By Aleeka Gentzler
I was raised in Paxton, Illinois, a small rural town in central Illinois. Paxton has a population of approximately 4,500 people, where you know almost everyone. I have always enjoyed being a part of a small town because there is a level of support that you cannot get anywhere else. In my town, everyone looks out for each other, there is a sense of a community, and a type of kindness I haven’t found anywhere else. Ever since I was little I have wanted to be a teacher. My love of education has blossomed from the teachers that I encountered through my education. My kindergarten teacher, Mrs. Peden, is always someone that sticks out in my mind when I am asked what inspired me to become a teacher. She was always eager to teach, and still is today. Mrs. Peden has always encouraged me when talking about pursuing a career in teaching. Along with this, I do not think that there is a greater feeling than helping a student learn. It could be as simple as moving up in a reading level, but it is a source of happiness for both the teacher and the student.
I am often asked “Why Rural?” When most people think of rural districts, they think that these districts are disadvantaged. However, I think that rural districts are differently advantaged. This is because of the resources that may be available in rural schools are usually not the same as those available in an urban school. Rural school students have more of an opportunity to get hands on experience with certain topics in comparison to an urban school student. I also believe that place-based education can be revolutionary for this same reason. This is using the students' “place” to help them better understand an idea or concept.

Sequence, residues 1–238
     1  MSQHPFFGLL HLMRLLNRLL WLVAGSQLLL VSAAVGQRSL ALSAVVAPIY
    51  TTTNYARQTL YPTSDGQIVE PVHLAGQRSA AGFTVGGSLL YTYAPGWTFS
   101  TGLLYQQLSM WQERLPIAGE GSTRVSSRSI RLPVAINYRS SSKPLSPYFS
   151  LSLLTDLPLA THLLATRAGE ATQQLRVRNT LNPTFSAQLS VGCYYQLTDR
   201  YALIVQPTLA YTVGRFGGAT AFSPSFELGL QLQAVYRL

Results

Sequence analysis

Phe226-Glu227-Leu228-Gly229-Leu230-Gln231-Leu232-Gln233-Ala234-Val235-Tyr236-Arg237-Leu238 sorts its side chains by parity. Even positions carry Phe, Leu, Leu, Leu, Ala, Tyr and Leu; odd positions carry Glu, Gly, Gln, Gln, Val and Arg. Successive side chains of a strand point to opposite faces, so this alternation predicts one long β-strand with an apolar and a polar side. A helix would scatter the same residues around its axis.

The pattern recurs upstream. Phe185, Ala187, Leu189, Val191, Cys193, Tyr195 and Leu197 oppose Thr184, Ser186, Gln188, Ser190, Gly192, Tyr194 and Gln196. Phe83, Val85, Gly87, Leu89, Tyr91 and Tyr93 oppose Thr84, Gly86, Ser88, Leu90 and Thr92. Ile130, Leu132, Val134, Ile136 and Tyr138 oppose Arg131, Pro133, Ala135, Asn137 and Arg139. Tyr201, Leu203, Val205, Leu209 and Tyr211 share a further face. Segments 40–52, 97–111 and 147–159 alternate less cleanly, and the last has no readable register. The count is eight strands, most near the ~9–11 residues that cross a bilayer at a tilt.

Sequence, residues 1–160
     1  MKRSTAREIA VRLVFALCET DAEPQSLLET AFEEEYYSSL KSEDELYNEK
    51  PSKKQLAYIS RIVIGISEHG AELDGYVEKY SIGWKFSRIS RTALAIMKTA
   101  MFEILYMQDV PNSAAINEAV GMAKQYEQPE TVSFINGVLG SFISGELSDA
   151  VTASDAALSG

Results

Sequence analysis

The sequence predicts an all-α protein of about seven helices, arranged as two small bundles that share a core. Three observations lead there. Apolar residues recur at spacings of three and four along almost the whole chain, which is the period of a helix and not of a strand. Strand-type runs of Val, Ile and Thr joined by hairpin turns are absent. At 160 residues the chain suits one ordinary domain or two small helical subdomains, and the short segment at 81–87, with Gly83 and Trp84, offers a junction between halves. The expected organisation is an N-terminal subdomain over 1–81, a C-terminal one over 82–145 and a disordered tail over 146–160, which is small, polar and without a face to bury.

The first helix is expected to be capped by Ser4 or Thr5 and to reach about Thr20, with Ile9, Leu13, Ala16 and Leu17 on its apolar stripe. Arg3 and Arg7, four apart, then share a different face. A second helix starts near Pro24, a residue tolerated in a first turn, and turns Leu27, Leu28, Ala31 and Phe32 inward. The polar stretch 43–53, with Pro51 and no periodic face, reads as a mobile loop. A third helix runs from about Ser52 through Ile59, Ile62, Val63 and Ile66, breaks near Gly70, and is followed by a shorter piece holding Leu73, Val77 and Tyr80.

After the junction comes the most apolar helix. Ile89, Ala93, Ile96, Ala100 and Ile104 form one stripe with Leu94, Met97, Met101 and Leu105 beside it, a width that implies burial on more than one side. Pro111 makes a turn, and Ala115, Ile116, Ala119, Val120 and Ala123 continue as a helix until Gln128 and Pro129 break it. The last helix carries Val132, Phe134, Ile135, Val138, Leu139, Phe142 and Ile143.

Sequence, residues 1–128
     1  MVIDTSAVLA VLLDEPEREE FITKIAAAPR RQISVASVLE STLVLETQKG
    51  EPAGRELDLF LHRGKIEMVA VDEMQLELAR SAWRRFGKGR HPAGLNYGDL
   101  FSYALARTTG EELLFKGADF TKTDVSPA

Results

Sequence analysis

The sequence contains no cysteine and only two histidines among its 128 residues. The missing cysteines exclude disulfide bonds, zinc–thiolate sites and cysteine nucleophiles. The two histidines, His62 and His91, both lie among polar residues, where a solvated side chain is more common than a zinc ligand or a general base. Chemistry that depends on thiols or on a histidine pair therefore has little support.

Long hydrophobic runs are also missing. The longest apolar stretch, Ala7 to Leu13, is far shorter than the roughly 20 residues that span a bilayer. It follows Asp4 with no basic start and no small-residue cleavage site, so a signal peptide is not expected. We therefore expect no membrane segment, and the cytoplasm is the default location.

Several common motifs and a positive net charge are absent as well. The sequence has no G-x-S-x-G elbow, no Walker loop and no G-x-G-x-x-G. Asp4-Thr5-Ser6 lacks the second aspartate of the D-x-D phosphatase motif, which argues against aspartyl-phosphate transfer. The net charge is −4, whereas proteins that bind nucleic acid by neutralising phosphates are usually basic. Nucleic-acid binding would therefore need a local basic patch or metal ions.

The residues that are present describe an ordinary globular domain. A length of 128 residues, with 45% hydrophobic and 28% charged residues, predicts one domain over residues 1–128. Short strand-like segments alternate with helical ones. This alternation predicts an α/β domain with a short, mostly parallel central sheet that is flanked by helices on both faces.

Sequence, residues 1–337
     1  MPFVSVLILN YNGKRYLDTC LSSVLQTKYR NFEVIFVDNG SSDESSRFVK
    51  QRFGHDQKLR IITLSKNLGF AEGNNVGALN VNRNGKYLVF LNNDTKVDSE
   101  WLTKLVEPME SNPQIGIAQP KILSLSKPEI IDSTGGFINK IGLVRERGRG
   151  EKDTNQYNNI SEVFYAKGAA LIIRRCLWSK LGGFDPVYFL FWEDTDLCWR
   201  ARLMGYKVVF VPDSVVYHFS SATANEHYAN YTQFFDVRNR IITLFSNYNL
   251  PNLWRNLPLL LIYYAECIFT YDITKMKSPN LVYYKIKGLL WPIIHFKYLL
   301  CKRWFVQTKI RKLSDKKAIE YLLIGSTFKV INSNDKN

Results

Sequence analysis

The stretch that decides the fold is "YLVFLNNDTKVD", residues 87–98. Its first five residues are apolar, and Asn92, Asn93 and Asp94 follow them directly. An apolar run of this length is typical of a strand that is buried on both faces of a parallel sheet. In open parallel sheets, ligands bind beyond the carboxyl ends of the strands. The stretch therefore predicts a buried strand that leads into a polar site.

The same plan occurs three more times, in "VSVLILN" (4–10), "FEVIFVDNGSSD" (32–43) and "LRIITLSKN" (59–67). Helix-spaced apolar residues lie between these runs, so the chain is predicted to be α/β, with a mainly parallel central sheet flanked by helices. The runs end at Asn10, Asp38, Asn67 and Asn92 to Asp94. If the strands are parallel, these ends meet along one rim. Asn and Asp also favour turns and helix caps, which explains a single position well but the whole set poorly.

To me being a rural teacher means that you can incorporate place-based education successfully and can cater to your students’ various needs. I also believe it is important not to dwell on the resources that are unavailable, but rather make the most of the resources that are available. Being a rural teacher is more than a just job; it is being a part of a tight-knit community that supports each other.
I feel blessed to be a part of the TARTANS program at Monmouth College. To me, being a Tartan means that I will have more opportunities to positively impact my students’ lives. It will also help me develop a better knowledge of how my environment can be a positive factor in my teaching career. I am excited to be a part of this initiative and cannot wait to implement what I am learning through this program. I Am A Rural Teacher!